Ed Foundation



Tax ID:


Tax-Exempt Status:


Budget (2015):

Revenue: $954,287
Expenses: $4,486,623
Assets: $106,776,560




Private Foundation


Jeff Sandefer

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The Ed Foundation is the creation of Jeff Sandefer, founder of Sandefer Offshore, an oil exploration company. Sandefer has also created the Acton School of Business, a graduate business school in Austin, Texas, and with his wife, Laura Sandefer, the Acton Academy, a national network of private schools. A recent spinoff of the Acton Academy is the Acton Children’s Business Fair, a national program to encourage children to be entrepreneurs.


In 2018, Ed Foundation’s primary grant recipient was the Acton School of Business, which received a donation of $3.5 million.  Additional $100,000 grants went to Donors Trust and Sea Mercy. 1

Acton School of Business

Jeff Sandefer created the Ed Foundation. Sandefer founded Sandefer Offshore, an oil exploration company. In 1991, while still running his company, he developed a class on entrepreneurship at the University of Texas. He recruited other entrepreneurs, who he told Philanthropy in 2012 were “guys from the trenches, not the ivory tower.” Sandefer and his colleagues taught by the Socratic method. “We never gave students an answer,” Sandefer said in his Philanthropy interview.  “We made them think. Students were hungry for that.” Sandefer and his colleagues, including former Dell Computer president Lee Walker and Lone Star Overnight co-founder Jack Long also refused tenure and said they would leave if students gave them negative ratings in evaluations. 2

In 2002, the university sacked Sandefer and his colleagues because it wanted the entrepreneurship program to be run by full-time, tenure-track professors. 3 After teaching at St. Edward’s University for one year, the Acton School of Business opened in 2003 and moved into its own building in 2008. 4

The Acton program condenses a two-year MBA program into one year where students put in 80-90 hour weeks and learn skills not taught in traditional MBA programs, such as cold calling and closing a sale. “We teach you to attract and satisfy customers,” Sandefer told Philanthropy, “to run real assembly lines and supply chains; to spot opportunity and to raise money; and to count the profits and free cash flows one dollar at a time.” 5

In 2018, the Acton School’s accreditation through Hardin-Simmons University ended.  The school rebranded its MBA as the “Next Great Adventure” and says it is unaccredited “to free us from bureaucratic constraints.” 6

Acton Academy

In 2009, Jeff and Laura Sandefer founded the Acton Academy as a way to combine Montessori education with their ideas about encouraging children to become innovative. 7 The Acton Academy is a franchise, through which members pay an entry fee and one percent of tuition fees in return for rights to the name, the curriculum, and access to the network of academies. 8 The St. Louis Post-Dispatch reported in September 2020 that there were over 200 academies and that they were popular with parents forming pandemic pod micro-schools as an alternative to public schools that had switched to virtual instruction during the coronavirus pandemic. 9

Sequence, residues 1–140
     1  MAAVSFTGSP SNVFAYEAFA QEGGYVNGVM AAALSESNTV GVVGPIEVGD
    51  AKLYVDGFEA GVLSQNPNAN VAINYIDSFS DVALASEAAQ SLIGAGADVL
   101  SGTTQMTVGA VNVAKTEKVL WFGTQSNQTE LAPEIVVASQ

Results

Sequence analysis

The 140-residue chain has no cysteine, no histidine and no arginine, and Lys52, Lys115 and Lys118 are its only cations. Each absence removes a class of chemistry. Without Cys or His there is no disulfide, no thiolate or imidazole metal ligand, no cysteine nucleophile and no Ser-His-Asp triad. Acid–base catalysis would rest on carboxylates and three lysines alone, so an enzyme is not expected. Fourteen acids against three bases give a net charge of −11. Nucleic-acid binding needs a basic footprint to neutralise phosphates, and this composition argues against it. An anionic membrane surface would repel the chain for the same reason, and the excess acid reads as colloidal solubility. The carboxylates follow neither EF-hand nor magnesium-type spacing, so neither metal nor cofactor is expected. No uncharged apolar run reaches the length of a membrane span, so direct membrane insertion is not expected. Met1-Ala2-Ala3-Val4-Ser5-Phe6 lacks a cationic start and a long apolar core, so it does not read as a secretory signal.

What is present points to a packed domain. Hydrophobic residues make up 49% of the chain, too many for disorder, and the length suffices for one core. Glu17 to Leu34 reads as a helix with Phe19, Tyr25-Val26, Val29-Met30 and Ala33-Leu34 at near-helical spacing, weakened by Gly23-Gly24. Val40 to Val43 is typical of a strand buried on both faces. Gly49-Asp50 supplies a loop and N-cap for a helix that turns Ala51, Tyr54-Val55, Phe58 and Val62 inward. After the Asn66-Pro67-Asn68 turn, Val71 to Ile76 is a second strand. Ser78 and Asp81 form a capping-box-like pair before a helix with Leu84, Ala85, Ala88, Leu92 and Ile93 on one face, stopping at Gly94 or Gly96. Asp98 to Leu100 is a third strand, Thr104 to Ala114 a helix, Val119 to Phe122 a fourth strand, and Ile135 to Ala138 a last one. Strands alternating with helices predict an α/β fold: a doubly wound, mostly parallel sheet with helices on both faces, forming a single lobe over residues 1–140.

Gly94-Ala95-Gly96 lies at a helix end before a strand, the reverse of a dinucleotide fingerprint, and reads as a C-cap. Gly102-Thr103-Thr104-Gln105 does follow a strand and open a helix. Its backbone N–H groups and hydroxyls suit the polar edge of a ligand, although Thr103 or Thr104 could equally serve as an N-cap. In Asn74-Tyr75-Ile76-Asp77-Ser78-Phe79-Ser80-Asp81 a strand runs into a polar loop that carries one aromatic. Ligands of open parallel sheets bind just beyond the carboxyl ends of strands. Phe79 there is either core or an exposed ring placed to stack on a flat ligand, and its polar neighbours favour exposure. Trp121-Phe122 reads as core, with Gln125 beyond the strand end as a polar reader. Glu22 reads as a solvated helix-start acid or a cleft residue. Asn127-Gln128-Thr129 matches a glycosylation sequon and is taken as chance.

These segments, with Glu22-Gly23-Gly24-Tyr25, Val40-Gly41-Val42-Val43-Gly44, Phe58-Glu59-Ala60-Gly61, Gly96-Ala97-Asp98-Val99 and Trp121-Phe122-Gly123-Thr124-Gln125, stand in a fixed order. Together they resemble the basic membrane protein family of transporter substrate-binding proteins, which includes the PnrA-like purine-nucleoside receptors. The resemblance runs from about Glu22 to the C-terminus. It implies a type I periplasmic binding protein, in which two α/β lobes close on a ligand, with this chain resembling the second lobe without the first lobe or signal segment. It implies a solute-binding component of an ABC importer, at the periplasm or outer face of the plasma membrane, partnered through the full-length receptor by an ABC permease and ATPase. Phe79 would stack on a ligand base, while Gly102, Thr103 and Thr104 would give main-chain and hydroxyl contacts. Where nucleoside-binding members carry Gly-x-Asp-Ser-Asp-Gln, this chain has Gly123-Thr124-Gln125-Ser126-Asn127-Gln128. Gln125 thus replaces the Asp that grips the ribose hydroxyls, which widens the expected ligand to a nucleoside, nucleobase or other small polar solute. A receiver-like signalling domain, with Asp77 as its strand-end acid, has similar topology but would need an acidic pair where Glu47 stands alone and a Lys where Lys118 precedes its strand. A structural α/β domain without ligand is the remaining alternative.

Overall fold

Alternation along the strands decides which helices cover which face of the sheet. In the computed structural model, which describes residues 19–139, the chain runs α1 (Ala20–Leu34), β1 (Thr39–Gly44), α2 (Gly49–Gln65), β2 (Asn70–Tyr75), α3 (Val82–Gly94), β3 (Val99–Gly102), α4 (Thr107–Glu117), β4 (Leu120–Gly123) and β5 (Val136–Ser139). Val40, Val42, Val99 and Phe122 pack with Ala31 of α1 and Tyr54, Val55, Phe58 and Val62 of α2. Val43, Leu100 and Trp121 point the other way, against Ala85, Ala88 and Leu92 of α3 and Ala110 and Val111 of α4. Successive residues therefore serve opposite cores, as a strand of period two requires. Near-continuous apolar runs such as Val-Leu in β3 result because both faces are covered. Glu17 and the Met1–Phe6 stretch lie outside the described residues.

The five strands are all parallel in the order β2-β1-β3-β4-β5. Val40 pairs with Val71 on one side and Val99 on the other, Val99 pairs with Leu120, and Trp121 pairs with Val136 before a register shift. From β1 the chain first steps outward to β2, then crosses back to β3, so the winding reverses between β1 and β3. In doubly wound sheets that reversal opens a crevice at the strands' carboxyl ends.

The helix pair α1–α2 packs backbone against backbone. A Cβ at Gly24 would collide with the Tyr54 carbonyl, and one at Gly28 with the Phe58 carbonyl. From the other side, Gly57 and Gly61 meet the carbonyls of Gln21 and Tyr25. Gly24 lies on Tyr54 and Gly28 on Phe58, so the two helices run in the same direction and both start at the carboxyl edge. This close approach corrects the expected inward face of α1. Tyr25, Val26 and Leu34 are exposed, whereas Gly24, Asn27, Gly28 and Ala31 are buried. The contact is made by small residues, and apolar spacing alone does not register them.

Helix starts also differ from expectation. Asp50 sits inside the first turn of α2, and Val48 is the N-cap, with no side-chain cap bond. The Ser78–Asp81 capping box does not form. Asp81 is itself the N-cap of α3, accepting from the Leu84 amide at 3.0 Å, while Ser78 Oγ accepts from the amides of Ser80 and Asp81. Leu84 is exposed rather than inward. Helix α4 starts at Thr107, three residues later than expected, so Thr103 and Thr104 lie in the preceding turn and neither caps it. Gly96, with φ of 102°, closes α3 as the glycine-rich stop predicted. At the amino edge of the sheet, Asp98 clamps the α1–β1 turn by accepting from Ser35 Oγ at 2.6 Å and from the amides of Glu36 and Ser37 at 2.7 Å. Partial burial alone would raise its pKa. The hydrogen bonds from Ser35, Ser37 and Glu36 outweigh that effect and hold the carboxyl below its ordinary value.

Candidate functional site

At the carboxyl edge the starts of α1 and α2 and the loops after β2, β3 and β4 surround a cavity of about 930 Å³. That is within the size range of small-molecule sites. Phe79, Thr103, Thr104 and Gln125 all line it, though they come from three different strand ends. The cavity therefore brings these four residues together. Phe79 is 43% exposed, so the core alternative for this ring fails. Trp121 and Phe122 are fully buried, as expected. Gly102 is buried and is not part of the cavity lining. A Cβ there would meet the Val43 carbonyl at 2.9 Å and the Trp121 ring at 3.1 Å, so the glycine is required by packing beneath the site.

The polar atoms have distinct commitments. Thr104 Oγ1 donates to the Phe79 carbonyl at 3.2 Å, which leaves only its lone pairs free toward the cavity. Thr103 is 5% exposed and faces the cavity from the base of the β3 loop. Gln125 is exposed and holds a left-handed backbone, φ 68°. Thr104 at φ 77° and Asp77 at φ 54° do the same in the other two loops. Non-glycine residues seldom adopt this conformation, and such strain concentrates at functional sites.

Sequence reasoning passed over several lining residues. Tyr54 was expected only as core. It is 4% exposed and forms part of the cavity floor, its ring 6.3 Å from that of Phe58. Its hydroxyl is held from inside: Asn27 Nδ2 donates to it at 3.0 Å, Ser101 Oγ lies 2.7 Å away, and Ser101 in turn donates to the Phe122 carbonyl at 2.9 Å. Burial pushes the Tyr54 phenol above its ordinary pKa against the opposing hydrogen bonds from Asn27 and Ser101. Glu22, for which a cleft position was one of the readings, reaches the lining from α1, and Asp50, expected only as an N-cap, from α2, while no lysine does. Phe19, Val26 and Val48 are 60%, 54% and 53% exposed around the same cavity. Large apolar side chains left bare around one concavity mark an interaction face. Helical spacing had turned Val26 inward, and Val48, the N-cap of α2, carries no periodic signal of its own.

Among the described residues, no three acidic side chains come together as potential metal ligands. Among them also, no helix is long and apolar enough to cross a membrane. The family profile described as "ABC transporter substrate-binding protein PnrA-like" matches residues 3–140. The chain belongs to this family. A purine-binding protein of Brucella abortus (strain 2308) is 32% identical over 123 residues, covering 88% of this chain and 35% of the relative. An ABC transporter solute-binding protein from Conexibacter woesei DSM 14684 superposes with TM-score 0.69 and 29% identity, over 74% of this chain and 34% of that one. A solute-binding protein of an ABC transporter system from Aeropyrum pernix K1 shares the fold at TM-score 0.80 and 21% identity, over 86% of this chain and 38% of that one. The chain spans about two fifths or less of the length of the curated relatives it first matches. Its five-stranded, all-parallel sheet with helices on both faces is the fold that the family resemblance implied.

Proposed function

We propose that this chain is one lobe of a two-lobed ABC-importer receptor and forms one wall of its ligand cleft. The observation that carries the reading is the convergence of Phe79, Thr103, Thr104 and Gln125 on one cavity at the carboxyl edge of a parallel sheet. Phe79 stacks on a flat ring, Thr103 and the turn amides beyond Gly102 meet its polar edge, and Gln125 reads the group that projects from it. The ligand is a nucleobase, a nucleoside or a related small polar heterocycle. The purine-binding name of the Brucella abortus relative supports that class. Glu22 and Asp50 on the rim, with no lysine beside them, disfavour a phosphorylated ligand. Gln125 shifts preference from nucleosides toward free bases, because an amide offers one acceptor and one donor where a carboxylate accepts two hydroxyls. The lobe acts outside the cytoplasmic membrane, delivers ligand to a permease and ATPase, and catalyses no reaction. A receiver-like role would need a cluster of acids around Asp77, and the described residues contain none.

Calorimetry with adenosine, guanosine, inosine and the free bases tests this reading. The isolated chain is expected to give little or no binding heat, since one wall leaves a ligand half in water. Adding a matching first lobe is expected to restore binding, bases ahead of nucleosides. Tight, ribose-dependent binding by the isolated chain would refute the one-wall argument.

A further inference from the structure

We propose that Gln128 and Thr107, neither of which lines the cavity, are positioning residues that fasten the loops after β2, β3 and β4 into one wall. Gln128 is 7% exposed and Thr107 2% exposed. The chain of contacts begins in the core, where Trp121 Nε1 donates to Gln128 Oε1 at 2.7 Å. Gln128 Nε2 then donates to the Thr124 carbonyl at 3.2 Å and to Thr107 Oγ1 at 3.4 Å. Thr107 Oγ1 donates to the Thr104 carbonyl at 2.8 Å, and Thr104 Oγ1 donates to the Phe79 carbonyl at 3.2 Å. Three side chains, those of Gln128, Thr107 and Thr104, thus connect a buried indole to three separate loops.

In 2017 the Acton Academy spun off the Children’s Business Fair, where children spend weekend afternoons at booths selling products they made. Materials for creating a Children’s Business Fair are free, and include a $500 donation from the Acton Academy for prizes. As of November 2020, there were 717 Children’s Business Fairs in 239 cities. 10


  1. Ed Foundation 2018 Form 990.
  2. Christopher Levenick, “Back To The Drawing Board,” Philanthropy, Spring 2012, (accessed November 22, 2020).
  3. Lori Hawkins, “Teach This:  After A Bitter Split With UT, Jeff Sandefer Takes His Entrepreneurship Gospel To Some Other Hallowed Halls,” Austin American-Statesman, September 22, 2002.
  4. Lori Hawkins, “Ivy-League Acton School Set For Business Hopefuls,” Austin American-Statesman, August 7, 2008.
  5. Christopher Levenick, “Back To The Drawing Board,” (accessed November 24, 2020)
  6. Acton School of Business FAQ, (accessed November 24,2020)
  7. Ashley Bateman, “Innovative Micro-Schools Meet Demand For Education Alternatives,” Heartland Institute, posted December 17, 2019 (accessed November 24, 2020)
  8. Tyler Koteskey, “Are Micro-Schools The Next Big Thing?” Reason, March 2018.
  9. Bernhard Blythe, “Microschools Pop Up In St. Louis As Alternatives to Virtual School, St. Louis Post-Dispatch, September 1, 2020.
  10. Acton Children’s Business Fair FAQ, (accessed November 24, 2020).  For a report on the fair, see, Tom Foster, “Inside The Schools That Want To Create The Next Mark Zuckerberg—Starting At Age 5, Inc., March 2017,,  (accessed November 24, 2020)
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Nonprofit Information

  • Accounting Period: December - November
  • Tax Exemption Received: March 1, 1997

  • Available Filings

    Period Form Type Total revenue Total functional expenses Total assets (EOY) Total liabilities (EOY) Unrelated business income? Total contributions Program service revenue Investment income Comp. of current officers, directors, etc. Form 990
    2015 Dec Form PF $954,287 $4,486,623 $106,776,560 $8,137 $0 $0 $0 $0 PDF
    2014 Dec Form PF $765,037 $4,633,543 $110,350,886 $50,127 $0 $0 $0 $0 PDF
    2013 Dec Form PF $1,133,221 $4,876,014 $114,169,265 $1 $0 $0 $0 $0 PDF
    2012 Dec Form PF $1,501,823 $5,009,555 $117,915,058 $3,000 $0 $0 $0 $0 PDF
    2011 Dec Form PF $292,741 $4,340,106 $121,409,810 $3,520 $0 $0 $0 $0 PDF

    Additional Filings (PDFs)

    Ed Foundation

    1606 NILES RD
    AUSTIN, TX 78703-3158